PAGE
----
Nicolas Winding Refn, the Danish auteur whose made a career of candy colored violent films after grimier movies at home, is both exactly what you'd expect and unexpected. The expected: he's a little bit eccentric pacing the room rather than sitting, a little intimidating, and a little impish -- it's difficult to know if he truly means what he says in some instances, or if he has just mastered the art of provocation. The unexpected: he's relatively friendly, surprisingly generous about his collaborators despite the auteur's ego, very tall, thin and surprisingly attractive, something you wouldn't necessarily think since he's so often been photographed with inhuman gods like Ryan Gosling who make everyone but other movie stars look crumpled and basic.
As we talk we find mutual ground in Christina Hendricks adoration ("the perfect woman," he says) but elsewhere it's like he's speaking a foreign language and I don't mean Danish. His films, though quite serious on the surface, betray a dark sense of humor, and yet it still surprises me to hear him drop "I think it would be fun to make a spy movie" as we're saying our goodbyes. Why is this surprising? I couldn't quite tell you but such is the fascination of meeting this singular director, whatever you make of his increasingly divisive movies.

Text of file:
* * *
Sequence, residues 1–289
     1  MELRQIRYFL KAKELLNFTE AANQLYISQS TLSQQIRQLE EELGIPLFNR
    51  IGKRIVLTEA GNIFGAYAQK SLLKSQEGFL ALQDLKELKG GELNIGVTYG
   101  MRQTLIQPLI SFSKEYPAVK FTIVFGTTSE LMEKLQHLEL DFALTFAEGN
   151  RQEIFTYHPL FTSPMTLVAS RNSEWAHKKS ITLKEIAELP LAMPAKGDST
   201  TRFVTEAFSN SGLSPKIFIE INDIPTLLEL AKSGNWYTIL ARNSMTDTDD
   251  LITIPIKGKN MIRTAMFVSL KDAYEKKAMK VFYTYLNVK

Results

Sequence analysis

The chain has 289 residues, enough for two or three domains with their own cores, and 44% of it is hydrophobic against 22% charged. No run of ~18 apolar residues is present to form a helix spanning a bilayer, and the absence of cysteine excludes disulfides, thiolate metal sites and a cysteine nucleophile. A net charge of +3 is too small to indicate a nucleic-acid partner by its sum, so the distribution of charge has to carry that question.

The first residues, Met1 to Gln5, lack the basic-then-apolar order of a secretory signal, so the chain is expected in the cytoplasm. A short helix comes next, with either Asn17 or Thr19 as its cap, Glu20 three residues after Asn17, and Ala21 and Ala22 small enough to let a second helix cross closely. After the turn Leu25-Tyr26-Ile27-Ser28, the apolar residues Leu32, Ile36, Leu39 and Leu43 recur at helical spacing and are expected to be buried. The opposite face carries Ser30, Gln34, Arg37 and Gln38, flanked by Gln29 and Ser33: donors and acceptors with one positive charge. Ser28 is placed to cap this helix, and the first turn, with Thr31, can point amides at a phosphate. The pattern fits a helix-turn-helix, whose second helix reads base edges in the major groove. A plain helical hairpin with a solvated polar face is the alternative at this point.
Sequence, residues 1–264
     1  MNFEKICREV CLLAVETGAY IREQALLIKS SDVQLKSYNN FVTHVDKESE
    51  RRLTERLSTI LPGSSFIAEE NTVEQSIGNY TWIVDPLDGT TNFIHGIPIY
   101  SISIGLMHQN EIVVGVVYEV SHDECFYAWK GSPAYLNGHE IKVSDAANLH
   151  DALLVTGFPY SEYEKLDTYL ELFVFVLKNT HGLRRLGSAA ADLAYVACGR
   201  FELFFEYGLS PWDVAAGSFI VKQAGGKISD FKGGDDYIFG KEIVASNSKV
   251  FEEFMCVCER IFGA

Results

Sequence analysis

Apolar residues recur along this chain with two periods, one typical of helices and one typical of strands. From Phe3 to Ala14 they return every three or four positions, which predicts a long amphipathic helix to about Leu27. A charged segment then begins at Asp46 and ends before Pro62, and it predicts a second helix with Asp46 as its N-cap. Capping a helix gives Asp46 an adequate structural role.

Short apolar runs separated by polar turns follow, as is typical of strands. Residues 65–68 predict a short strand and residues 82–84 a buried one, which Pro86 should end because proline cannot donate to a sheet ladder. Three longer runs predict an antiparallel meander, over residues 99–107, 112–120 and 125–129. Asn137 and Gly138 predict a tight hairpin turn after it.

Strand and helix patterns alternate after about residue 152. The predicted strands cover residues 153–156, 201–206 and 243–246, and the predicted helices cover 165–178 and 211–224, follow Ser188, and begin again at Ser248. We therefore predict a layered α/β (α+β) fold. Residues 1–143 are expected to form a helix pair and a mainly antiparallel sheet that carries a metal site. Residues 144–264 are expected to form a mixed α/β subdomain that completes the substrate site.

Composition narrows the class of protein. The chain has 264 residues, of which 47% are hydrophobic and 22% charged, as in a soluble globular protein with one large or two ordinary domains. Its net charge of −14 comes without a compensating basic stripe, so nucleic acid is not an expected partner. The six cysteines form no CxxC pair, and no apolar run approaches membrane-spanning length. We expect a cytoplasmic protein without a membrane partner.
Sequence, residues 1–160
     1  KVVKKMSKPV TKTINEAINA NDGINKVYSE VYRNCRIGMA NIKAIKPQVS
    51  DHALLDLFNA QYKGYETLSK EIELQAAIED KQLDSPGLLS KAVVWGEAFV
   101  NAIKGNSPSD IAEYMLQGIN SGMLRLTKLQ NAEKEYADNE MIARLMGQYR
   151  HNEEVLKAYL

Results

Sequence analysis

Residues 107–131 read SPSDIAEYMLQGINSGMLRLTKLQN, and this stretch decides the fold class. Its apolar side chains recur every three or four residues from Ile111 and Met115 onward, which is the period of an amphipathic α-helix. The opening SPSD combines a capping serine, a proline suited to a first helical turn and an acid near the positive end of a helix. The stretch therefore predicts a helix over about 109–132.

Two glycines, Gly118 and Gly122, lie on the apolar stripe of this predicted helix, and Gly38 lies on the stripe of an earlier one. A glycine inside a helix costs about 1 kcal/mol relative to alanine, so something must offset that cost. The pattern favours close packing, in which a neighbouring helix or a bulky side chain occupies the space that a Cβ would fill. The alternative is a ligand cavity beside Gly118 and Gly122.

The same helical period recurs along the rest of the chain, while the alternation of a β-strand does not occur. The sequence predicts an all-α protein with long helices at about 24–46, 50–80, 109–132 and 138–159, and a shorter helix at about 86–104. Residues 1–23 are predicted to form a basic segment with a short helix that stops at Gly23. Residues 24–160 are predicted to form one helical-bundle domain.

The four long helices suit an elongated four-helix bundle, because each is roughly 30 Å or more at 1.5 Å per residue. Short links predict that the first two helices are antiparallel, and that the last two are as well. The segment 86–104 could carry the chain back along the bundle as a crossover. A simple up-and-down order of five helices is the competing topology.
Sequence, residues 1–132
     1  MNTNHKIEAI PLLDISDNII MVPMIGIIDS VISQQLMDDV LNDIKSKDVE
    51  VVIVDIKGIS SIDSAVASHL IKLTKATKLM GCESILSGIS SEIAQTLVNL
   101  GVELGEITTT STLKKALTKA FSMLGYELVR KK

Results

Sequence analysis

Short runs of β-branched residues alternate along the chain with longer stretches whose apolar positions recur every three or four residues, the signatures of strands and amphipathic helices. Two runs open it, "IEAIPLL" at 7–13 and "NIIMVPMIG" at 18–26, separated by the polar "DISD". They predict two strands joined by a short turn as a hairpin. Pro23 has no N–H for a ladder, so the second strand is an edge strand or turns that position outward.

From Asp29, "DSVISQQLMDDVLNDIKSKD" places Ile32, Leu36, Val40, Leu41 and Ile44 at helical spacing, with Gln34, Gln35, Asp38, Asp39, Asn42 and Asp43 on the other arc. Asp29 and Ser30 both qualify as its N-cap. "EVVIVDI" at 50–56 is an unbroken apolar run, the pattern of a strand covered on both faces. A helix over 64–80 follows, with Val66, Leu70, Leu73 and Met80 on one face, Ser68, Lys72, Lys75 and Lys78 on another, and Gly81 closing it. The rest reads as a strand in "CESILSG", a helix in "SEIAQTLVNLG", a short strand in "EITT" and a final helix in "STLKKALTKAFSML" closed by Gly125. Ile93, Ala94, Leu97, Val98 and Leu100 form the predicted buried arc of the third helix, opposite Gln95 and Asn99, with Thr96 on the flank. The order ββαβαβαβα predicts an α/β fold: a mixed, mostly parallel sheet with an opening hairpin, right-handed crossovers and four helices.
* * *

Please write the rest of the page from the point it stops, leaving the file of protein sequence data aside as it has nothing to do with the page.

Our interview follows....
NATHANIEL: Let's talk about your opening scene. It's such a bold tableau. Did you ever worry you were coming on too strong. Like 'how will I top that first image?'
NICOLAS WINDING REFN: I'm setting the stage knowing that, if you look through the film, you'll see the same dynamic in all the other scenes of death and beauty.
NATHANIEL: So you're laying the theme.
NWR: I'm laying the theme right on. Most films -- storytelling in mass media -- start slowly, introducing. Eventually it gets to some kind of dramatic point in the first act. That means the second act is how do we solve it and the third act is resolution. But i don't necessarily believe that's the right order...